Searching over 5,500,000 cases.


searching
Buy This Entire Record For $7.95

Official citation and/or docket number and footnotes (if any) for this case available with purchase.

Learn more about what you receive with purchase of this case.

Winer v. Strickland

United States District Court, D. Nevada

October 7, 2014

Leo Winer, Plaintiff,
v.
Steven A. Strickland, et al., Defendants.

ORDER GRANTING IN PART AND DENYING IN PART MOTION FOR ENTRY OF DEFAULT [DOC. 37] AND DIRECTING ENTRY OF DEFAULT AGAINST PAUL STRICKLAND

JENNIFER A. DORSEY, District Judge.

Leo Winer, as Trustee of his own trust and Successor Trustee of his longtime friend Michael Pepitone's trust, sues Steven A. Strickland, Advantage Trading Co., Paul Strickland, Jr., and others for an alleged investment scam that bilked these elderly men out of hundreds of thousands of dollars of their retirement savings. Doc. 1 at 1. Winer now seeks entry of default against Advantage Trading and the Stricklands under Federal Rule of Civil Procedure 55. Doc. 37. It appears that Paul Strickland was properly served with the summons and complaint and that default may be entered against him. But I cannot reach the same conclusion as to Steven Strickland and Advantage. Although Winer's time to serve these two defendants has expired, leaving his claims against them vulnerable to dismissal without prejudice under Rule 4(m), I grant Winer 30 more days to either serve these defendants or show good cause why the claims against Steven Strickland and Advantage should not be dismissed under Rule 4(m).

Background

Winer filed this action on February 12, 2013. Doc. 1. Summonses were returned executed for Advantage and both Stricklands. Docs. 18, 19, 20, 23. These docket entries reflect that Winer served Paul on May 7, 2013, by personally delivering a copy of the summons and complaint to his home in Tampa, Florida. Doc. 20. A week later, Winer delivered a copy of the summons and complaint to Advantage's registered agent for service of process at an undisclosed address. Doc. 19. On June 24, 2013, Winer effectuated "substitute service" on Steven in Florida by giving the summons to "Mr. Steven Perez who offered to... accept service after relating Steven... used the address but frequently comes and goes." Doc. 23 at 2.[1]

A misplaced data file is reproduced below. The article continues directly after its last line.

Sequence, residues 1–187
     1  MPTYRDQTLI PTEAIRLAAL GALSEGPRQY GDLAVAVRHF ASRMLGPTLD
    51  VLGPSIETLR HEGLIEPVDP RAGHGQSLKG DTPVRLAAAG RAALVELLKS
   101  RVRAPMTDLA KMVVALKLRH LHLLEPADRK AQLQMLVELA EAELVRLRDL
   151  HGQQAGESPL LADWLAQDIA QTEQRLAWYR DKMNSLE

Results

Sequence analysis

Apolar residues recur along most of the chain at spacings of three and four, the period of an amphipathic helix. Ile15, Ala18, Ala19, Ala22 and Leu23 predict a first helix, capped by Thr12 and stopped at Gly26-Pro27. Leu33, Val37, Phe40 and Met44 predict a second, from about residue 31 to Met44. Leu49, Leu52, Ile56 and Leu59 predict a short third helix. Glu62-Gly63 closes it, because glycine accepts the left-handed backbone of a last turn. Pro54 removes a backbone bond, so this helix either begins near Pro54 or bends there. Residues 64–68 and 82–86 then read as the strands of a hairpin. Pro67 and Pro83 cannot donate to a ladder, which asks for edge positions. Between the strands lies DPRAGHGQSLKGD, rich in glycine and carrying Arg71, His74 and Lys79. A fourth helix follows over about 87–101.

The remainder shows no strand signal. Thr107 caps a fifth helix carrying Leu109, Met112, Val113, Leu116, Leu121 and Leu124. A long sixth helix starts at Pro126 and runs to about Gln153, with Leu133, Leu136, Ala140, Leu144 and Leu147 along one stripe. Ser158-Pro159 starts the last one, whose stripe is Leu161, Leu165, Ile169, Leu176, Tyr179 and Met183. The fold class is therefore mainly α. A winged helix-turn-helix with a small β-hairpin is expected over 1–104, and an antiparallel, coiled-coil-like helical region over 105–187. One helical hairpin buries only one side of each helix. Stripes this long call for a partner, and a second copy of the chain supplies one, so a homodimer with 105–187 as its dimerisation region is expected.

Winer amended his complaint on July 10, 2013, and purportedly served it on all three defendants by first class mail. Doc. 25-3 at 1. The addresses to which Steven and Paul's copies were mailed are identical to those appearing on their original summonses; Advantage's copy was mailed to "1821 Logan Ave., Cheyenne, Wy, 82001." Id. Winer now moves for entry of clerk's default against all three of these defendants, indicating generally that none of them has answered. Docs. 25; 37 at 2.

Discussion

Under Federal Rule of Civil Procedure 55, "When a party against whom a judgment for affirmative relief is sought has failed to plead or otherwise defend, and that failure is shown by affidavit or otherwise, the clerk must enter the party's default."[2] This rule presupposes that the court has personal jurisdiction over the defendant, and "service of process is the means by which a court asserts jurisdiction over the person."[3] When personal service is required, failure to perfect it is fatal to a lawsuit.[4] Rule 4(m) requires service of the Summons and Complaint to be completed within 120 days.[5] Rule 4(c) further provides that "The plaintiff is responsible for having the summons and complaint served within the time allowed under Rule 4(m)."[6]

A. Paul and Steven Strickland